- Zika: FAO Director-General says agency is ready to contribute to international efforts09/02/2016
- Somalia continues to face large-scale food insecurity compounded by poor rainfall and drought08/02/2016
- UN agencies warn of escalating food crisis in South Sudan08/02/2016
- Myanmar floods six months on: agricultural livelihoods still buried in the mud05/02/2016
- Support for agriculture in Syria critical with massive food insecurity adding to suffering04/02/2016
Connect with us
European professional football sounds the alarm on the Sahel
Match Day Against Hunger from 30 March to 2 April - The "Professional Football Against Hunger" campaign is coming to hundreds of European football stadiums with the message that action is needed now to avert a humanitarian disaster in the Sahel region of Africa, where a food and nutrition crisis caused by drought, chronic poverty, high food prices, displacement and conflict is affecting millions of people.
Promoted by the Association of European Professional Football Leagues (EPFL), the European Commission and the UN Food and Agriculture Organization (FAO), the third and biggest-ever Match Day Against Hunger kicks off on 30 March to spread this call for urgent action. The president of the European Parliament, Martin Schulz, will attend the game between Borussia Dortmund and VfB Stuttgart.
By the time the last match is played on 2 April, the campaign's message and activities will have swept across the continent from Glasgow to Vienna and from Málaga to Novosibirsk, involving 300 professional football clubs in 20 leagues throughout 16 European countries, reaching millions of football fans.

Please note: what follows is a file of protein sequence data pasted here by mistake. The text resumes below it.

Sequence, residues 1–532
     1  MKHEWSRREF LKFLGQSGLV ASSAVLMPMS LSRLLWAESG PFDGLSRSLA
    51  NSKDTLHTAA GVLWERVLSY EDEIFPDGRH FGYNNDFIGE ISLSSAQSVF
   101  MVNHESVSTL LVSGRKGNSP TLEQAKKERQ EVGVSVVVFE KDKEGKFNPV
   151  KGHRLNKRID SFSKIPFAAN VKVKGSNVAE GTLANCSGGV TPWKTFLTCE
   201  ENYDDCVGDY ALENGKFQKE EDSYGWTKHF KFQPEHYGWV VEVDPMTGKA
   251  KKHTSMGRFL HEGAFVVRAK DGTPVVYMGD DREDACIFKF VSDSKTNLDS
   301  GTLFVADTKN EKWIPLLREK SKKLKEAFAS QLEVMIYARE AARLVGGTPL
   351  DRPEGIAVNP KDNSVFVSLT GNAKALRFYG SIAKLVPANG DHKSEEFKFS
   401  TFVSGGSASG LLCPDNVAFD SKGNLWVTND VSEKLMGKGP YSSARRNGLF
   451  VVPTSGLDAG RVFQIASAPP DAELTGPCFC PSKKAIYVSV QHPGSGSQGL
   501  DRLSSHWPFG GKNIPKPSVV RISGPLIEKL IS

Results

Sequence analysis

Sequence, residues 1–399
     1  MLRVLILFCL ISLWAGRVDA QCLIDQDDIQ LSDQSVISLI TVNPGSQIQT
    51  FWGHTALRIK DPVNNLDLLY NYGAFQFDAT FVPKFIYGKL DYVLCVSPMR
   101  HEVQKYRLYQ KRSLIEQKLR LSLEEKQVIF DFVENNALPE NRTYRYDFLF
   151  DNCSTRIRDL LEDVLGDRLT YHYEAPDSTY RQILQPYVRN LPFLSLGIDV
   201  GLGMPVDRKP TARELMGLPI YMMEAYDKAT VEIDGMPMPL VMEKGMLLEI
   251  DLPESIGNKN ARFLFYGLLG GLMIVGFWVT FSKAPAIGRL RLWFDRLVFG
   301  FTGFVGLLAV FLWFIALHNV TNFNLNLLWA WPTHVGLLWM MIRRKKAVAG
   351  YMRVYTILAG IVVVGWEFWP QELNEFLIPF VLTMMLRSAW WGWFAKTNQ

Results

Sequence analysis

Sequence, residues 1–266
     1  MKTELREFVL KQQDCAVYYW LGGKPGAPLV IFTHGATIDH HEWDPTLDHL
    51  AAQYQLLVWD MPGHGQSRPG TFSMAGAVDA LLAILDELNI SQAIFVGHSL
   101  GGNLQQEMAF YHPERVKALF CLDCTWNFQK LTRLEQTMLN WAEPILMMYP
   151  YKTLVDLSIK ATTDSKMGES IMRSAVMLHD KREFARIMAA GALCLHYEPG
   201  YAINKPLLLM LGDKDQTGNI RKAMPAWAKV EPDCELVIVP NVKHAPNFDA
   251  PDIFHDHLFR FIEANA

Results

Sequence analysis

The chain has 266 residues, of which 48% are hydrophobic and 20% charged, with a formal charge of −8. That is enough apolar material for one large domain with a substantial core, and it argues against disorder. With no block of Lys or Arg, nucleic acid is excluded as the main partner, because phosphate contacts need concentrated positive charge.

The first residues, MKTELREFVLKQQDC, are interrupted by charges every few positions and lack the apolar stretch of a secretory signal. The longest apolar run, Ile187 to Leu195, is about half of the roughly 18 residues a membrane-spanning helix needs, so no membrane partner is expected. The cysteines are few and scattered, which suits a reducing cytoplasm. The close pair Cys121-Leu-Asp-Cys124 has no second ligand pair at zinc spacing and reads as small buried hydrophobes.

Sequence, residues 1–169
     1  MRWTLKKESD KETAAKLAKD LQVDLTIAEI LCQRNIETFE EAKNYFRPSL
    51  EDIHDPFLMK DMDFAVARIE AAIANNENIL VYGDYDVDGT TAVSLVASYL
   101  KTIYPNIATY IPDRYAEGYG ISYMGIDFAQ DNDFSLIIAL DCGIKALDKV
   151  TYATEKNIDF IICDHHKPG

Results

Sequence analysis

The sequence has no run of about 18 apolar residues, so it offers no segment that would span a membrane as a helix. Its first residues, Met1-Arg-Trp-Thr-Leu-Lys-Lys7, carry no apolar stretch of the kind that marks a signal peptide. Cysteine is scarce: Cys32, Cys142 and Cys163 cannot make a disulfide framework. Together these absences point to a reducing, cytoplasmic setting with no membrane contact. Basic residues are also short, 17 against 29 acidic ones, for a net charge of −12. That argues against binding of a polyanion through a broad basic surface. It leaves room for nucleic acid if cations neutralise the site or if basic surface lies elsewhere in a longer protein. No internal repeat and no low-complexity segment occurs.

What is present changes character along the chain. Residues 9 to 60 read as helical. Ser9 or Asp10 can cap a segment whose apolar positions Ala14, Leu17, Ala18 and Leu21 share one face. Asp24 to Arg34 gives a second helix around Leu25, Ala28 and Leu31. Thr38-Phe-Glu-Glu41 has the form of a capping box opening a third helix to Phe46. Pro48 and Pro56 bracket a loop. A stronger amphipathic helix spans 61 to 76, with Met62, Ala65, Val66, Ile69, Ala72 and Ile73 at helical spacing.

"We must act now to help people help themselves," said José Graziano da Silva, Director-General of FAO. "At the same time, we need to build resilience in local communities to stop jumping from crisis to crisis, and to prevent droughts from leading inevitably to famine."
Nearly 16 million people, mainly farming and herding households, are estimated to be at risk. ECHO and FAO are getting life-saving and livelihood-saving cash, food, agricultural inputs and training to the people who need them most, in addition to planning longer-term interventions to protect and restore the livelihoods of farmers, agropastoralists and pastoralists, addressing the root causes of the recurring food crises in the Sahel.
"Football is the perfect vehicle for highlighting the plight of the people in the Sahel," said Kristalina Georgieva, European Commissioner for International Cooperation, Humanitarian Aid and Crisis Response. "To respond properly to this emergency, governments, donors and aid agencies need to be united. Together, we can save lives."
"Football is the great global unifier," said Sir David Richards, Chairman of the EPFL. "The leagues and the players know the power and popularity of our sport and we are proud to use that power to tell stories that otherwise would not be told. European professional football is providing the megaphone for this message so that the right help can get to the people in need as soon as possible."